Calling himself the “President of the people,” Guiller has made employment for all, gender equality, public health, and the “construction of a more fair and inclusive country” the backbone of his campaign.
Recent polls show Guiller as being the runner up, although he has been unable to catch up to his conservative rival. Following Monday's debate, 13 percent of those polled by Plaza Publica believed him to be the "winner," as opposed to Piñera's 21 percent.
Conservative businessman and former president from 2010 to 2014, Sebastian Piñera has been ridden by corruption allegations, but that hasn't stopped him from rising to the position of the anticipated front-runner, backed by the Lets Go Chile coalition. The Independent Regionalist Party, Independent Democratic Union, National Renewal, Political Evolution, and Amplitude party all back the right-winger.
Piñera has campaigned promising to implement neoliberal reforms, including laying off tens of thousands of public servants, and closing down the Employment and Training Office.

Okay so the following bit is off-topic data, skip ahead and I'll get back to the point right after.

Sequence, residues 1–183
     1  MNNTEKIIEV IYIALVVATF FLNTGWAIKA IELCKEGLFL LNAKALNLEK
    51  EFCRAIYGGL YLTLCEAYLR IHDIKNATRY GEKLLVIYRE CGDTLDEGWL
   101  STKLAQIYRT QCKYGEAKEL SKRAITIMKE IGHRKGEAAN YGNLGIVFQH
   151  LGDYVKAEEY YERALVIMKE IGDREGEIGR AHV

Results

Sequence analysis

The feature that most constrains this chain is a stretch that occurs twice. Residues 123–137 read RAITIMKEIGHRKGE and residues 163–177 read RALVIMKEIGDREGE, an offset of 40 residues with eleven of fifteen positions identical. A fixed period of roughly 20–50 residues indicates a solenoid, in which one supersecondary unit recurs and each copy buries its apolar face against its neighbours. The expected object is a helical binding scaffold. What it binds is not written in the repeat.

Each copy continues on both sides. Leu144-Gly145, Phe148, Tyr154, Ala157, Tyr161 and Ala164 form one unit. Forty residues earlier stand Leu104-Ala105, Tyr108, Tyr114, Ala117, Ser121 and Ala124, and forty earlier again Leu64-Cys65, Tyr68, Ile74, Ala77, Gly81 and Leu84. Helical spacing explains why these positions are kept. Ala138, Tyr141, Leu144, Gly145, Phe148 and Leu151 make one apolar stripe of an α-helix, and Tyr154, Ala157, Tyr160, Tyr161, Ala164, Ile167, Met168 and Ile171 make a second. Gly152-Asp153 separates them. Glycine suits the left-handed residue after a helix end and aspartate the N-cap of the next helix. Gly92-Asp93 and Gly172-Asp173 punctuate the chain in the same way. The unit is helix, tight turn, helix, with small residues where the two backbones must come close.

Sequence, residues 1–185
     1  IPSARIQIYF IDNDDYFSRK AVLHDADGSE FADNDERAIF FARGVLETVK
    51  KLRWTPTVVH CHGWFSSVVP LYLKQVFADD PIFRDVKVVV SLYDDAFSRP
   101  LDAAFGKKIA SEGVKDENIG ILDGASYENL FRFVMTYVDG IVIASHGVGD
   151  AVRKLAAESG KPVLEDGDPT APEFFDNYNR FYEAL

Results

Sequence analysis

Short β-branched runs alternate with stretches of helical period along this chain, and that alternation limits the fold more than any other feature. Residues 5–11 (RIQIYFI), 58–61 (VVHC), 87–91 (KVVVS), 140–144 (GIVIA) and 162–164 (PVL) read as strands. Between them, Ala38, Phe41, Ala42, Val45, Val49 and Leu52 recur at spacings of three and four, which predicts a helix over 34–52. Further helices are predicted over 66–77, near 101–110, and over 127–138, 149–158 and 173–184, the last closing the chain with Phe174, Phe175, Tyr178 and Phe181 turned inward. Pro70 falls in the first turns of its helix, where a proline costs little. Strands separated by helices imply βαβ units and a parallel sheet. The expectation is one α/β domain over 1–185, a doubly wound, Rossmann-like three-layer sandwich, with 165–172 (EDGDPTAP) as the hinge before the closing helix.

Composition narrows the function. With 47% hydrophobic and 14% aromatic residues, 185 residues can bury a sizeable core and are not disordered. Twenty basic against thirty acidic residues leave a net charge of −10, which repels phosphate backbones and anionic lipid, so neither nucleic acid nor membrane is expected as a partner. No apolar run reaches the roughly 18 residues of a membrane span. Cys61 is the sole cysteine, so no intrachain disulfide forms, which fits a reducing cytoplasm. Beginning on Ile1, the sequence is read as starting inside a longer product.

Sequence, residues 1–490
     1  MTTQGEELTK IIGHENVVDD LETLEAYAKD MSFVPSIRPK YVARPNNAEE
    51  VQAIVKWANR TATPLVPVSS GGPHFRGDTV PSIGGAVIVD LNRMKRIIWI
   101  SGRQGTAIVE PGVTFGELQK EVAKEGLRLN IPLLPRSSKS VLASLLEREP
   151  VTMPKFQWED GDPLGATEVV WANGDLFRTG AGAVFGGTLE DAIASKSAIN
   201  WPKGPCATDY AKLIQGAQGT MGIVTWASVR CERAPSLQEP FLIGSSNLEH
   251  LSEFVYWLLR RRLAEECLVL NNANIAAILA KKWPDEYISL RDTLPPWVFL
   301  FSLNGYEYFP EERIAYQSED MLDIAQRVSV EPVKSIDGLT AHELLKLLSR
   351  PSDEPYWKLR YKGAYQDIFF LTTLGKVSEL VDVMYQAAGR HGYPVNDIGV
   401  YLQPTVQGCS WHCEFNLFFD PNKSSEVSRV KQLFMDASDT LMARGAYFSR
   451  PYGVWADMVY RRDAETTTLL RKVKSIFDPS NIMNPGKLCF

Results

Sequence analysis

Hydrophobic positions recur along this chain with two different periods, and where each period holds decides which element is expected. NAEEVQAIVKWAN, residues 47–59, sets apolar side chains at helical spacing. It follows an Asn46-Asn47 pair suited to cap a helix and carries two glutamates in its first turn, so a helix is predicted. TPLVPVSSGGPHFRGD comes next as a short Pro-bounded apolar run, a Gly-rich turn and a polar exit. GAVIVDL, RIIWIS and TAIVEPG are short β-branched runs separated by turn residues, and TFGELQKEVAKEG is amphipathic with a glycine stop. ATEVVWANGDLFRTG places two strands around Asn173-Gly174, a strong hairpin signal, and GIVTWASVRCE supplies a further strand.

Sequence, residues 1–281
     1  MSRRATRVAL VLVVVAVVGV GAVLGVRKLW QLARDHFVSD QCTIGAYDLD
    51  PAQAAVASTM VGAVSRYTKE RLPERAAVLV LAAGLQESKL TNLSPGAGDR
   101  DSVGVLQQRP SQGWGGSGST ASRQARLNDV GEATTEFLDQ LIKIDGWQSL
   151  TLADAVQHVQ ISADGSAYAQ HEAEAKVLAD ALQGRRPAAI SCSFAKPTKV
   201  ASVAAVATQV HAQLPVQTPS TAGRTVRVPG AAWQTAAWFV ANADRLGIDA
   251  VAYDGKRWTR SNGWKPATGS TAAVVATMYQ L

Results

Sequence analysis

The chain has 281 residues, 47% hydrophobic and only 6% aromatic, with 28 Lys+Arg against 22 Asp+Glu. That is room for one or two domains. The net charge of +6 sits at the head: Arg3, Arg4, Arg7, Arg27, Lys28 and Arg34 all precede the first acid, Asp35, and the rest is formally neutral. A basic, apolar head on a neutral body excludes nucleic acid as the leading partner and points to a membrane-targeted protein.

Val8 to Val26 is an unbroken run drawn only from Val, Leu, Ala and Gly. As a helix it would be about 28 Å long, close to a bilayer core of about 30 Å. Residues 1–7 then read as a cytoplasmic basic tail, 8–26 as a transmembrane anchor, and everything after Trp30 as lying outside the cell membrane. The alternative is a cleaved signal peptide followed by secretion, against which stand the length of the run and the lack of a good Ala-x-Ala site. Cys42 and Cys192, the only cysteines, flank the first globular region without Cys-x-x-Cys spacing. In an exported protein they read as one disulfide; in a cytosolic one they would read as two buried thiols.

He has also emphasized being tough on crime and drug trafficking, and has criticized the Bachelet government for supposedly failing to do so.
The first billionaire to have been Chile's president, the gaffe-prone Piñera has frequently been accused of having conflicts of interest in Chilean politics.
Piñera has consistently been leading the polls for the first round, but it is unlikely he will receive 50 percent, bringing the decision to December's runoff elections.
Beatriz Sanchez is a journalist and activist who is running as part of the up and coming Broad Front coalition, which emerged as an alternative left-progressive alternative to the New Majority, who many feel have been too slow to implement promised reforms.
The coalition is a diverse grouping of progressive, new-left, and liberal parties and protest movements, including the Humanist Party, the Liberal Party, Democratic Revolution, Poder, Green Ecologist Party, and the Equality Party.
Alongside groups within the New Majority, such as the Communist Party of Chile, the Broad Front has been vocal in pushing for the redrafting of Chile's Pinochet-era constitution, which has inhibited the implementation of reforms.
Sanchez has had a surprising surge in polls, consistently polling at a close third place.
José Antonio Kast